Garden designer and writer James Alexander-Sinclair is well-known for his stunning country gardens. But he has also designed some incredible town plots. He gives us a tour of three of his best designs.
The brief: Tricky project, this one. The house was divided into seven flats and houses and the garden was similarly divided: everybody had a chunk of the old walled garden. As a result there was no connection between the clients front door and the garden: to get there you had to cross the drive and wander through communal gardens before arriving. My clients wanted a bit of privacy.
The plants: I enclosed the garden with a tall yew hedge with a central paved octagon surrounded by a series of deep, box edged borders. These contained plants such as alliums, irises and lychnis.
The materials: The central part of the garden was reached by paths that jinked so as to prevent a straight view to the table and thus achieving a bit of secrecy. The paths are of gravel edged with timber clad in stainless steel: which gives interesting reflections and gives the gardener something to polish when bored.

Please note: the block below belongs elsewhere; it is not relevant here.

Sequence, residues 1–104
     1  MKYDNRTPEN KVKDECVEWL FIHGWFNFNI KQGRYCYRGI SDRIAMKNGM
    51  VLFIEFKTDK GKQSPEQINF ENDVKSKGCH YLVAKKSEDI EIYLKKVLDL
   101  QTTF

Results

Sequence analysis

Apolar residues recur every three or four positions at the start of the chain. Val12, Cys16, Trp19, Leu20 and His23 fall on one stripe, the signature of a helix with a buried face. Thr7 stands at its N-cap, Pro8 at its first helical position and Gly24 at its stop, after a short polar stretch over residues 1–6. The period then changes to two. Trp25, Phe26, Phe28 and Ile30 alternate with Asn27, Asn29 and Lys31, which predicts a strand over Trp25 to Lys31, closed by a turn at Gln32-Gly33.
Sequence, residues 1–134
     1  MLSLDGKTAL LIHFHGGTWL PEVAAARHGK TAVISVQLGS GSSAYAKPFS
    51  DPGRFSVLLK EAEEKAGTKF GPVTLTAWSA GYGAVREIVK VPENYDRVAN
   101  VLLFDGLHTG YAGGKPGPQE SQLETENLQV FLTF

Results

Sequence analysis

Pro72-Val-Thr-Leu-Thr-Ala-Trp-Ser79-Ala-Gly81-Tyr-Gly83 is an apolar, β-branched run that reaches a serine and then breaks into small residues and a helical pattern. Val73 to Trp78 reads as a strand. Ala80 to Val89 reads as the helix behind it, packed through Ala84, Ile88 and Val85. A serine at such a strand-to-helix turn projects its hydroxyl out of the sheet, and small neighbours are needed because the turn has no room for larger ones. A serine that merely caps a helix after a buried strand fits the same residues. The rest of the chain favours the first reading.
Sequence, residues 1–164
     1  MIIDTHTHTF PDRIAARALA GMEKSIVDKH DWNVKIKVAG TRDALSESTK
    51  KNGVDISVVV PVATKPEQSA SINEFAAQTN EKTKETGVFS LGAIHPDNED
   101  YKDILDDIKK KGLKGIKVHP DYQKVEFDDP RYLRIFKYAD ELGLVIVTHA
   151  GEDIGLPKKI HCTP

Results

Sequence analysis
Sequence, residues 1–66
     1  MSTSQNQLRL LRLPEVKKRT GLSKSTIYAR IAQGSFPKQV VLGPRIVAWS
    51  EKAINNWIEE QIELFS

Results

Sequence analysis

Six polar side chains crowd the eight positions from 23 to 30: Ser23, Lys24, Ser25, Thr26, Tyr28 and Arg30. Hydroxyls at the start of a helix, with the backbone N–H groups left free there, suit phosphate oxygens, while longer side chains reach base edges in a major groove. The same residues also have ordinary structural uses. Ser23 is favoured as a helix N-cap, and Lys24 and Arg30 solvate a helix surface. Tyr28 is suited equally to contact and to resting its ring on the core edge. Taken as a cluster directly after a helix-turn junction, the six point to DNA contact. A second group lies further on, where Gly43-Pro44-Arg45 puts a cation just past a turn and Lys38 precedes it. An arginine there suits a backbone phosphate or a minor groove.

The brief: Make a garden that had enough room for sitting, a bit of planting and looked marvellous from above as well as from ground level.
The materials: It was very tricky to build as space was so limited. The paving was laid very slightly on the angle – utilising the old trick of making the garden look a bit bigger by using the longest dimension – and bisected by a zig-zagging rill that is lit at night with blue LED lights and is perfect for sailing small boats. The fencing is of horizontal cedar slats that smell wonderful and age gracefully.
The plants: The main plants are a big Cornus kousa, a trained LIquidambar (that will,eventually, cover the end wall, a couple of Wisteria and the fabulous evergreen species rose Rosa laevigata Coopers Burmese. Under this are various grasses, ferns,bulbs and herbaceous plants.
The brief: I have been working on this garden for about six years now. We have divided the garden into separate but linked areas, and moved both the drive and transplanted a lime avenue. The different areas include: a pond garden with slightly asymmetric paths; a garden with beds a but like a spirograph pattern arranged around a circular lawn; a dining room garden; a lime and yew walk; a vegetable garden and a woodland.
The materials: Two ponds looking out over the Cotswolds. One is square and reflective, and the other octagonal with a tall jet. There is also a cruciform pond in the dining room garden.
The plants: Roses in the summerhouse garden, astilbes, box balls, lines of wavy cut box,and pleached limes above a yew hedge.
These are just some of the many incredible gardens that James has created. If you want to see more, and find out more about his work, visit his website.
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